Gov. Palin and Katie Couric get real and adorable:

Governor Palin pays a visit to SNL:

President Bush endorses McCain and Palin:

November 1, 2008

U.S. Presidential election - I support Barack Obama

Readers of this blog must have guessed it by now that I support Senator Barack Obama to become the next President of the United States. If not, here is my unambiguous support for his candidacy.

The 2008 U.S. Presidential election, and the last 21 months of campaigning by the two major parties, has been truly historic for several reasons. Millions of voters participated in an unprecedented Democratic party primary. And now, history will be made irrespective of who wins the election on Tuesday, Nov. 4th. We'll either have the first-ever African-American President in the U.S., or its first-ever female Vice President.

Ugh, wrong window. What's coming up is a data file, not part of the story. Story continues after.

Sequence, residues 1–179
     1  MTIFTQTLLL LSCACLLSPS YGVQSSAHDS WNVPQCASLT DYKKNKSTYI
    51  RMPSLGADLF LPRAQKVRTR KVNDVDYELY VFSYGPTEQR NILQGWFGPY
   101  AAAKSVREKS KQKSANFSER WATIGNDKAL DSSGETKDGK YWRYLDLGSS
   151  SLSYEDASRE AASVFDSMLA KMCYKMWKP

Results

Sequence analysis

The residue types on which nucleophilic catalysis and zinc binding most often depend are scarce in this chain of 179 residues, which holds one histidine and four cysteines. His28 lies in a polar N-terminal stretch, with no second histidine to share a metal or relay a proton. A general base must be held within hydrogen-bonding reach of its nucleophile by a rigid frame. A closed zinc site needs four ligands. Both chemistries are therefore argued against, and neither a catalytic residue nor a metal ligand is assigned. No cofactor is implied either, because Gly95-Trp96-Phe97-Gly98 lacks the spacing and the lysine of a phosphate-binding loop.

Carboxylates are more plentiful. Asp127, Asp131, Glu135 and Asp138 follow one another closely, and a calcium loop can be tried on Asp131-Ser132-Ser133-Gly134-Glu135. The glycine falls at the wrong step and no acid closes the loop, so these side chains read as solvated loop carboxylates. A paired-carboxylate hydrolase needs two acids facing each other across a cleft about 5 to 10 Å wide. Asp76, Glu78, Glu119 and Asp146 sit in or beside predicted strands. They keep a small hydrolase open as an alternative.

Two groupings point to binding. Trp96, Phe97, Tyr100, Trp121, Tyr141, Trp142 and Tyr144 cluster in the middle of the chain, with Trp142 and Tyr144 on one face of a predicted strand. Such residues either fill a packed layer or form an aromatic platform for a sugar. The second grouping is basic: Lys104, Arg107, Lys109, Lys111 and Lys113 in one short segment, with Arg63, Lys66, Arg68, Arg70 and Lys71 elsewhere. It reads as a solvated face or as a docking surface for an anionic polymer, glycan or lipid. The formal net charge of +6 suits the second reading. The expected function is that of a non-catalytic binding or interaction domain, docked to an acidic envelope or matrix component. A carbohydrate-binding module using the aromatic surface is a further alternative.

The great news is that even if the Republican candidate Senator John McCain wins, which is looking increasingly unlikely, we'll be better off than the last eight years of his party's U.S. presidency under President George W. Bush.

I guess candidates during every U.S. Presidential election claim that "stakes are the highest," but I truly believe it is true this time. While I support Obama's candidacy for several reasons, here are the three most important ones: